Lab 2 (ƒ4) - External and Internal Anatomy of the Spinal Cord

Microscopic Sections of Spinal Cord - Cervical (continued)

This section was taken through the cervical spinal cord at a level at which the anterior horn is enlarged to contain the cells innervating the musculature of the arms, hands and digits. View and identify the structures in the illustration.

The Gray Matter

The posterolateral tip of the posterior horn contains a thin layer of relatively large cells called the nucleus posteromarginalis. Below this nucleus is the substantia gelatinosa, which appears as a light area forming the cap of the posterior horn. The nucleus proprius is a poorly defined cell column located in the head and neck of the posterior horn. It can be identified in myelin-stained sections as the darkly stained area beneath the substantia gelatinosa. The difference in coloration of the substantia gelatinosa and nucleus proprius is indicative of the different types of afferent fibers (unmyelinated and myelinated, respectively) that terminate in these two areas.

At this level of the spinal cord (i.e., above T1), the intermediate gray is poorly developed and does not contain autonomic neurons. In contrast, the anterior horn is highly developed at most cervical levels. Recall that the anterior horn contains large (alpha) motor neurons and small (gamma) motor neurons whose axons innervate the skeletal musculature.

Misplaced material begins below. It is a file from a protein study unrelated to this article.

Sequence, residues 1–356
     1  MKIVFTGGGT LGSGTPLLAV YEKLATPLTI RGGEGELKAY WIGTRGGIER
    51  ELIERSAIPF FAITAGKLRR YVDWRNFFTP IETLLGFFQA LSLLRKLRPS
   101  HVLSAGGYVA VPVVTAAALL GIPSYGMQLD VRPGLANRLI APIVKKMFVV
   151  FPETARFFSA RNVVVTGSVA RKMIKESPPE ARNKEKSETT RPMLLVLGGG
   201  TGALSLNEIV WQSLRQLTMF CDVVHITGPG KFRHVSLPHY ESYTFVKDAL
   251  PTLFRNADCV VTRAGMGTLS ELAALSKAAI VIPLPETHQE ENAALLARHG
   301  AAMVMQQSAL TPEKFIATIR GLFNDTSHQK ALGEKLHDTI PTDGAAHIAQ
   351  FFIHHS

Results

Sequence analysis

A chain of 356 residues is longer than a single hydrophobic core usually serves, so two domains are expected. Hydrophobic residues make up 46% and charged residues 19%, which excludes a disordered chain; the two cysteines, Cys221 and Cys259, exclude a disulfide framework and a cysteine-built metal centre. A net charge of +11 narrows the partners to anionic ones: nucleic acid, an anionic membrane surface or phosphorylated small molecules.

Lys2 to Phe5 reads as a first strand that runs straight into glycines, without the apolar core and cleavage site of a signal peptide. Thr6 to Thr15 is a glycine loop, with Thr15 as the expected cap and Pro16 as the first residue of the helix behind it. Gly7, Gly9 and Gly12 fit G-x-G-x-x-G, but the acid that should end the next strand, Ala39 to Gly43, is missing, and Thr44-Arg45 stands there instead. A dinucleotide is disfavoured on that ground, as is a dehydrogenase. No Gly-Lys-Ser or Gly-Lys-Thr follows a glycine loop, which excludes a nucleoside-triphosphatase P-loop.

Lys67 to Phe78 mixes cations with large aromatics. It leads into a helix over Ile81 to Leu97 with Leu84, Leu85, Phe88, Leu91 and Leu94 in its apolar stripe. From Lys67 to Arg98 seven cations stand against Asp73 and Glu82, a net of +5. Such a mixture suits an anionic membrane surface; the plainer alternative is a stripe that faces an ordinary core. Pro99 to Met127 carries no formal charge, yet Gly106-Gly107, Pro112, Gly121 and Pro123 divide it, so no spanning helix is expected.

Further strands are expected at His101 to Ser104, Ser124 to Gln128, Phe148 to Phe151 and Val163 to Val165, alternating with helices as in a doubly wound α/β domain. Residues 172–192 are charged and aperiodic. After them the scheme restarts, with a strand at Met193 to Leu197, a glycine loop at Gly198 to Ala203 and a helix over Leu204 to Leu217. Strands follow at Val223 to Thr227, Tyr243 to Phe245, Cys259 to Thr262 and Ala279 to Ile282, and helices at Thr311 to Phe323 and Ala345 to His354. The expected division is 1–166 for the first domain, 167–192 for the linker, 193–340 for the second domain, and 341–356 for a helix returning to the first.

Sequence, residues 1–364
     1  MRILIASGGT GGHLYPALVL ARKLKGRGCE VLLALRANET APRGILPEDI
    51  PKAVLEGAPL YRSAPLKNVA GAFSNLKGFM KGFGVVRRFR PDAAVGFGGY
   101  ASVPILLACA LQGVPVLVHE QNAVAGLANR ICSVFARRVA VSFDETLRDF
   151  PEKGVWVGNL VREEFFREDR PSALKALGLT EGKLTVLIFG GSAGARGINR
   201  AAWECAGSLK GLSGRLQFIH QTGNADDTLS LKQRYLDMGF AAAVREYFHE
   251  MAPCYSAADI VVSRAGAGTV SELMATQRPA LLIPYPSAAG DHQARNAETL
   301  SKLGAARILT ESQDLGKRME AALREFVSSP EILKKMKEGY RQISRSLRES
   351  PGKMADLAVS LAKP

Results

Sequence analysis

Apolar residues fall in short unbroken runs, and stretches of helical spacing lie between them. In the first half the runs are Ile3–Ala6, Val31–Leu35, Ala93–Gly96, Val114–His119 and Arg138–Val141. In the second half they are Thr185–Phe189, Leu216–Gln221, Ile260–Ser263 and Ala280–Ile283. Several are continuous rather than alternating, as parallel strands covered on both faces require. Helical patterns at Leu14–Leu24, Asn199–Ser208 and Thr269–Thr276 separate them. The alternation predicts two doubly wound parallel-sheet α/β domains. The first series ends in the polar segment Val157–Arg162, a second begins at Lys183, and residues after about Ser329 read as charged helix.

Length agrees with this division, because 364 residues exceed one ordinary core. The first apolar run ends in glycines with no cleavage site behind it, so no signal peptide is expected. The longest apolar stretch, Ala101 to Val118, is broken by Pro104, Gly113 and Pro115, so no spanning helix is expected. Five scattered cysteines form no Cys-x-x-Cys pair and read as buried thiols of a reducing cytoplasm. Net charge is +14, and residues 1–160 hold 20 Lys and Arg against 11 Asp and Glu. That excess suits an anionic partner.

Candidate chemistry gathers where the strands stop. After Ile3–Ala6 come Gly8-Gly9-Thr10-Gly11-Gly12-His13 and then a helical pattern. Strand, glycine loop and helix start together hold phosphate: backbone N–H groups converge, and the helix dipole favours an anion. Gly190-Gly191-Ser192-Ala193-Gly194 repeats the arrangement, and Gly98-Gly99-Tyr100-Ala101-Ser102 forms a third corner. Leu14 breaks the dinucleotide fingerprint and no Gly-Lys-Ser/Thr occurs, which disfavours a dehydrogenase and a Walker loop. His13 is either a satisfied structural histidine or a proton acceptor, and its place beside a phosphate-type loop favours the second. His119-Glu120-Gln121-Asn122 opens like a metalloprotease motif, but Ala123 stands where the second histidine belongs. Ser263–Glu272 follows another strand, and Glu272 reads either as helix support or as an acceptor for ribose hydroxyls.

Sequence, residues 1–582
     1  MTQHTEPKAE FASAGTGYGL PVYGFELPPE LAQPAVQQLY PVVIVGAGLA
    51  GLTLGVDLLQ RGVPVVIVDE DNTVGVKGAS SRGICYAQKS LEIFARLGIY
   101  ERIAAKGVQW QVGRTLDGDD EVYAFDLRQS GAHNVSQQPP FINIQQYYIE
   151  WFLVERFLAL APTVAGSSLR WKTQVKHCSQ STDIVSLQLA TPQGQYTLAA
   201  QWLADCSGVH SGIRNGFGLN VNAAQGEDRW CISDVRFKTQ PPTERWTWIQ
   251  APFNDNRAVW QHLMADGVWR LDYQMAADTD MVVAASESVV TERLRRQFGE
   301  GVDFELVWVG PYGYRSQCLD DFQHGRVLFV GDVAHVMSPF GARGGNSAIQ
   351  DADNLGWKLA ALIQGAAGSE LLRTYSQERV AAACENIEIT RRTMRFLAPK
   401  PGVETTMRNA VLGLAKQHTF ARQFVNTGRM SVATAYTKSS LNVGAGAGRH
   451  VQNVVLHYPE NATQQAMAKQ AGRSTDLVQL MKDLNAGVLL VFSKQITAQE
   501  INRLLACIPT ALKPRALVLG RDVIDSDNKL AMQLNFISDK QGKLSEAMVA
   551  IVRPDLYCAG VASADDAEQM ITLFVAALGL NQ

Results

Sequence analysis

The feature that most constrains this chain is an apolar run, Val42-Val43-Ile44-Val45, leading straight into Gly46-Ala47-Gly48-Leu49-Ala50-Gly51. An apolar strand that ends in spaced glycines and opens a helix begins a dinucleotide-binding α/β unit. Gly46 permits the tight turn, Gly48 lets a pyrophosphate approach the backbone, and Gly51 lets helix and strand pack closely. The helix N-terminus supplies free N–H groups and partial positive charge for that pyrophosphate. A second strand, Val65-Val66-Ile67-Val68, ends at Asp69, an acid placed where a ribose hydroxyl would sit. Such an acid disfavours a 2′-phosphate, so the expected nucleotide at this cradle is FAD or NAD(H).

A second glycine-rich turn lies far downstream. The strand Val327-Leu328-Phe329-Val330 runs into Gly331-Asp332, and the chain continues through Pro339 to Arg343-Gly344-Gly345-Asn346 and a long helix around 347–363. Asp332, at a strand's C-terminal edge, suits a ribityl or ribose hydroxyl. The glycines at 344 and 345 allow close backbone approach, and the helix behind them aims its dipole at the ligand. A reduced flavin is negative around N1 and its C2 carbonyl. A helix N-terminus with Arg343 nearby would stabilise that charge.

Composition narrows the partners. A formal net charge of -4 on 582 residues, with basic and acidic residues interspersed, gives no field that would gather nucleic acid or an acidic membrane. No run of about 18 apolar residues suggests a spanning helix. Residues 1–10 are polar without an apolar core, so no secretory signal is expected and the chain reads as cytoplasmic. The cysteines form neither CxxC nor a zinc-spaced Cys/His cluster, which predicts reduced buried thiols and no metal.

The White Matter

The posterior funiculus lies between the posterior median sulcus and the posterior root entry zone at the posterolateral sulcus. Above T6 the posterior funiculus is subdivided by the posterior intermediate sulcus into the fasciculus gracilis medially and the fasciculus cuneatus laterally. The posterior funiculus contains large myelinated nerve fibers of posterior root ganglion cells. The peripheral processes of these ganglion cells form or innervate sensory receptors in the skin and deep tissues of the body. The lateral funiculus lies between the posterior root entry zone and the site of emergence of the anterior root fibers at the anterolateral sulcus. The lateral funiculus contains both ascending and descending nerve fiber tracts. The anterior funiculus lies between the emergence of the anterior root fibers and the anterior median fissure. The anterior funiculus also contains both ascending and descending nerve fiber tracts.

Note that sensory information from segments below T6 travels in the fasciculus gracilis and that above T6 travels in fasciculus cuneatus. Also as you travel superiorly through the cord the sensory information coming in from each successive spinal nerve stacks just lateral to the sensory information carried by the nerve just below it so that sensory information is topographically organized.


The cervical segments are characterized by their large size, extensive white matter, and the increase in gray matter in the segments which supply the efferent and afferent innervation to the brachial plexus. The fasciculus cuneatus of the posterior funiculus at cervical level is much larger than at thoracic levels. There are no autonomic neurons and no dorsal nucleus of Clarke at cervical levels of the spinal cord, while all descending tracts are present.